Setting up on Openstack

You got set up on Eucalyptus-based Fractus. Now you also have the option to use the OpenStack-based Fractus. Openstack is a software platform for management of cloud-computing resources. It grew as a joint project between Rackspace and NASA, but nowadays the project has grown considerably and is very widely used. Most importantly for us, Openstack makes managing our instances a whole lot easier.

To log in, make sure you VPN to the Cornell network. Go to the Openstack Console, and log in with your netid as both username and password. Immediately upon logging in, make sure you change your password. For this tutorial, we will be using my account ks2232.

Upon logging in, you will be presented with the central console:

Central console

IMPORTANT: Resource management

Each student in CS6410 this semester will be given unlimited (read: large enough) vCPUs, RAM, and storage; 50 floating IPs, 10 security groups; 10 storage volumes; and only one compute volume; two flavors for instance types: ''6410.small'' has 2GB memory, 2 vCPUs, and 20GB storage, while ''6410.large'' has 8GB memory, 4 vCPUs, and 50GB storage.

Although you may launch as many instances as you would like, you may only have two active instances at any time. We will be able to view all instances through the admin console, and if we see more than two active instances for a user at any time, we will shut you down.

Building your environment

NOTE: If the instructions DO NOT state a field to be changed, leave the setting as the autopopulated setting.

Building your network

In Openstack, before launching your instance you must build your network. This is the virtual equivalent to setting up your internet at home, router, and then your computer.

Go to Projects > Network > Network Topology, and you will be presented with the following:

Network topology

The globe logo in the middle is the main entry point of all network requests, called admin_floating_net. You now must create your network. Click on Create Network. On the Network tab, write netid_internal_net (replace netid accordingly). Click Next to edit subnet information. For subnet name, wrte netid_internal_subnet. For Network Address, write ''[0-90-9]''. For example, ''''. Go to Subnet Details tab by clicking Next. For DNS name servers, we can simply use the Google DNS at address ''''. Click Create.

You now must plug in your router. Back on Network Topology, click on Create Router. Set router name to netid_router and the External Network option to admin_floating_net. Click Create. You now will have plugged your router to the external network.

Let's plug in the router to the internal network you created before. In the Network Topology page, you will have the following view:

Network topology

Select the router, then click on Add Interface. For Subnet select the subnet you created before, and click Submit.

Creating an Instance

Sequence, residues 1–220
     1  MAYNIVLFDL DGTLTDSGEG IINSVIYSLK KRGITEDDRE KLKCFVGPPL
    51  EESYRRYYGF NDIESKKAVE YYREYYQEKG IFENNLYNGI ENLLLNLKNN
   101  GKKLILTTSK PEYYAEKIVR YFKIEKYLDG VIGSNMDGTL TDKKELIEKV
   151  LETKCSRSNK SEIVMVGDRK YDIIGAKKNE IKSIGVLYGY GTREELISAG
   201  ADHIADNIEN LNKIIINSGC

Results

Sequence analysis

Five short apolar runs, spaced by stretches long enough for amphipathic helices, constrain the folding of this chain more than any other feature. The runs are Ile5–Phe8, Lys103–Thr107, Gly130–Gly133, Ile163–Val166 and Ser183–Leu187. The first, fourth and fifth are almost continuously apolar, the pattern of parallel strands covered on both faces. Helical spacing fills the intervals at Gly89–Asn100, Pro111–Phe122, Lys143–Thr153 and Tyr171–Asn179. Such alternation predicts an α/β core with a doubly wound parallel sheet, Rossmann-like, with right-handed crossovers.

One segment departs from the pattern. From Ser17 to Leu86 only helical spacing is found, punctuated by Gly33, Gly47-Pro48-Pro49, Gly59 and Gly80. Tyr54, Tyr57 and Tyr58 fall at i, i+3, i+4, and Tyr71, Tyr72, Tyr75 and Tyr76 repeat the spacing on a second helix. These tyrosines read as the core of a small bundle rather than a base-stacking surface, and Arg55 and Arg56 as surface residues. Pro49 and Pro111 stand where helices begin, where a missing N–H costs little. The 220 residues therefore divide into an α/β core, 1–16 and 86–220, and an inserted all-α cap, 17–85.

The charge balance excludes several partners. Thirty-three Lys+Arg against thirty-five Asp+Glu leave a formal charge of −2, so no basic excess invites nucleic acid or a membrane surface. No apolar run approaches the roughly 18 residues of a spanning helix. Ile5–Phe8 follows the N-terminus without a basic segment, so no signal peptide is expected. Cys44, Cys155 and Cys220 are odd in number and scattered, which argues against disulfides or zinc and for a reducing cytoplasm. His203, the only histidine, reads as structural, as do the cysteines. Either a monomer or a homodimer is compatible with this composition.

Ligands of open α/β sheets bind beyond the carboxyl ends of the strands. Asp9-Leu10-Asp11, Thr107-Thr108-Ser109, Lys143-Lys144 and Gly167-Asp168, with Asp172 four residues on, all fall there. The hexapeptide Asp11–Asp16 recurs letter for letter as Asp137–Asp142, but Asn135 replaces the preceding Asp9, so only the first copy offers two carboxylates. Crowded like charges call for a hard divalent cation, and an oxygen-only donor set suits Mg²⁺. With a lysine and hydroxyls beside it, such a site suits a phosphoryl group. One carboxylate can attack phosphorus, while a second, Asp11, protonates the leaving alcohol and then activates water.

You are now ready to start your instances.

Go to Project > Compute > Instances, and click Launch Instance.

  1. Name your instance, for example ks2232_small_instance.
  2. In the Source tab, select the Ubuntu6 image (Ubuntu-xenial-server-cloudimg-amd64). This is a 64bit Ubuntu 16.04 image.
  3. In the Flavor tab, select ''m1.small''.
  4. In the Key Pair tab, click on Create Key Pair to generate a new keypair. Do not share this file. If you prefer, you may also import an already existing keypair.
  5. Finally, launch your instance by clicking Launch Instance.

Wait a few minutes for your instance to start.

Once your instance is in ''Running'' state, you must finally associate a floating IP. Go back to Project > Compute > Instances, click on the drop-down menu for the instance and click on Associate Floating IP, as follows:

Click on the plus sign next to ''No floating IP addresses associated'', and in the new window click on Allocate IP. Finally, click on Associate.

Edit Security Policies

Before you can ssh into your new instance, you must set up three policies. By default, the firewall will block on all connections.
Go to Project > Compute > Access & Security.
Click on Manage Rules, and then on Add Rule.

In the new ''Add Rule'' window add the 3 following rules:

  1. Drop down on the ''Rule'' menu, and select ALL ICMP. For direction, select Ingress, and click on Add.
  2. Repeat previous steps, but change direction field to Egress, and click Add.
  3. Finally, select SSH from the rule menu & click Add .


You are now ready to launch. Go back to Project > Compute > Instances, and copy the floating IP of the new instance you created. To launch:

  1. Ensure your keypair is read only
    $ sudo chmod 400 /path/to/yourkeypair.pem
  2. $ ssh -i yourkeypair.pem ubuntu@youripaddress

Post launch

Congrats, you now have been able to launch an instance using Openstack. Before we end this tutorial, we must point you to one last step: ensure that you shutdown your instances accordingly.

  1. Disconnect from machine by typing: $ exit.
  2. Next, go to Project > Compute > Instances.
  3. Click on the Actions menu for your instance.
    Select Shut Off Instance.
This concludes the shutdown procedure. In future runs, be cautious to not use resources without need by being diligent about shutting down your instances in the console at the completion of experiments.

Note that there are many more options available to you, and we recommend taking time to explore deeper content. The official Openstack website has all the information you will need.

Questions or comments? email

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